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Daniel Manning

From Wikipedia, the free encyclopedia

Daniel Manning
Secretary Daniel Manning.webp
37th United States Secretary of the Treasury
In office
March 8, 1885 – March 31, 1887
PresidentGrover Cleveland
Preceded byHugh McCulloch
Succeeded byCharles S. Fairchild
Chair of the New York Democratic Party
In office
August 1881 – August 1885
Preceded byLester B. Faulkner
Succeeded byJohn O'Brien
Personal details
Born(1831-05-16)May 16, 1831
Albany, New York, U.S.
DiedDecember 24, 1887(1887-12-24) (aged 56)
Albany, New York, U.S.
Resting placeAlbany Rural Cemetery, Menands, New York
Mary Little
(m. 1853; died 1882)

Mary Margaretta Fryer
(m. 1884)
RelationsJohn B. Manning (brother)
Children4 (including James Hilton Manning)
OccupationNewspaper publisher

Daniel Manning (May 16, 1831 – December 24, 1887) was an American journalist, banker, and politician. A Democrat, he was most notable for his service as the 37th United States Secretary of the Treasury from 1885 to 1887 under President Grover Cleveland.

A native of Albany, New York, Manning began a newspaper career at age 11 and worked his way through the ranks of the Albany Argus to become president and publisher. Manning also undertook self-study to compensate for his lack of formal education and became recognized for his expertise in topics as varied as finance and fine art. Manning was also involved in banking and business, and became president of Albany's National Commercial Bank.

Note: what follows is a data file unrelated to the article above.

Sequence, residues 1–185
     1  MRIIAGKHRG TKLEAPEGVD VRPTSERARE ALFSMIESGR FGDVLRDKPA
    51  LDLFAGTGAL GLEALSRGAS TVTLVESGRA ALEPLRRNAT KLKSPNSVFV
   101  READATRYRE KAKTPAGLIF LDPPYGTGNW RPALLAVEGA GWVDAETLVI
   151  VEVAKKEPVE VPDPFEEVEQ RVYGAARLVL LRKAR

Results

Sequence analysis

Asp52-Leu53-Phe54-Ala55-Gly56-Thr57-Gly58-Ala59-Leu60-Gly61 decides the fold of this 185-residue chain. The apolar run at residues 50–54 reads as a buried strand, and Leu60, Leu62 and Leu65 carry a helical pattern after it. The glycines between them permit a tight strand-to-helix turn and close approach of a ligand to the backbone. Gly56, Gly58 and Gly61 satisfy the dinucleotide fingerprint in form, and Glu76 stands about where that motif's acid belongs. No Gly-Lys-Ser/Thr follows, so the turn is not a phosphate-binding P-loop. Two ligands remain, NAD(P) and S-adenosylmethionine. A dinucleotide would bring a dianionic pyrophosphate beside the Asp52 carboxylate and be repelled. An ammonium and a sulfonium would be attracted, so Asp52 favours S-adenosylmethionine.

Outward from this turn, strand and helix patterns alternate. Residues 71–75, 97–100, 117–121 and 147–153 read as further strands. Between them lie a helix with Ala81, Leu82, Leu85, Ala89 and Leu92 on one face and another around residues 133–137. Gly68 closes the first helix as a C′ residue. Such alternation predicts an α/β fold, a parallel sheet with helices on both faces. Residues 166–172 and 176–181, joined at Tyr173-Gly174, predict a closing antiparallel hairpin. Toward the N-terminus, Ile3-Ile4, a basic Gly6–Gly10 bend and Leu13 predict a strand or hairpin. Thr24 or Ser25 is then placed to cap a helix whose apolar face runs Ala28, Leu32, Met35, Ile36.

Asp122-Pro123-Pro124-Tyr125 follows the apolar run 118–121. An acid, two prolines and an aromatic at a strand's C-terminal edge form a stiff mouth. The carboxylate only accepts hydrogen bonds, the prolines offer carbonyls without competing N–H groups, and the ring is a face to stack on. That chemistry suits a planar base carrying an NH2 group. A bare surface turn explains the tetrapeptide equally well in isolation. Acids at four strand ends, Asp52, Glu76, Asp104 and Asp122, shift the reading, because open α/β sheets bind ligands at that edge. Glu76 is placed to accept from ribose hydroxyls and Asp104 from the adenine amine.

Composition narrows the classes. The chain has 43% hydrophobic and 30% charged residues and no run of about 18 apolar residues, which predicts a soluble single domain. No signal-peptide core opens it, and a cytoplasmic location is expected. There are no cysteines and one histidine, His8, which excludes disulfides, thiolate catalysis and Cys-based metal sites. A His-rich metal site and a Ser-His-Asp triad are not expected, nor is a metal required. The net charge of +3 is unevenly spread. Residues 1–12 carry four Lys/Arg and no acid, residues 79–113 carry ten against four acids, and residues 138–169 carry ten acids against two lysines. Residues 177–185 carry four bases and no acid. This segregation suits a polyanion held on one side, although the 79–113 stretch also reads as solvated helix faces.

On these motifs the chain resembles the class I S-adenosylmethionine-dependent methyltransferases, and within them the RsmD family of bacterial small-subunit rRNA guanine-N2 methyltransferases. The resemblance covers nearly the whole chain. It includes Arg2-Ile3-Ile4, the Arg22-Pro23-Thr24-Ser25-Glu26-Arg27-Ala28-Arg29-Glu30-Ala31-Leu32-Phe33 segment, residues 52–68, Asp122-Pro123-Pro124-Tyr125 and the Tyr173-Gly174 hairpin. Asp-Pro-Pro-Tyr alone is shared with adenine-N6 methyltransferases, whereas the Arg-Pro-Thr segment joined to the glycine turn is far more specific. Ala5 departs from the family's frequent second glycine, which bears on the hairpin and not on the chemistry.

Manning was active in politics as a Democrat, and attended numerous state and national conventions as a delegate. As chair of the New York Democratic Party, Manning was a key supporter of Grover Cleveland's successful campaign for president in 1884. Cleveland appointed Manning Secretary of the Treasury, and he served from 1885 to 1887. As head of the Treasury department, Manning advised Cleveland on fiscal and economic policy matters. As a trusted advisor, he provided input to Cleveland on political appointments and topics not directly related to his cabinet portfolio.

Manning left the cabinet because of ill health. He served briefly as president of the Western National Bank of New York. He died in Albany on December 24, 1887. Manning was buried at Albany Rural Cemetery in Menands, New York.

Early life

Daniel Manning was born in Albany, New York on May 16, 1831, the son of John and Eleanor (Oley) Manning.[1] Manning's siblings included John B. Manning, who served as mayor of Buffalo, New York.[2] He was educated in the local schools, and at age 11 he began working to help support his family, initially as a page for the New York State Assembly.[3] He subsequently accepted a position as an errand boy for the Albany Atlas newspaper, which was later renamed the Albany Argus.[1]

Newspaper career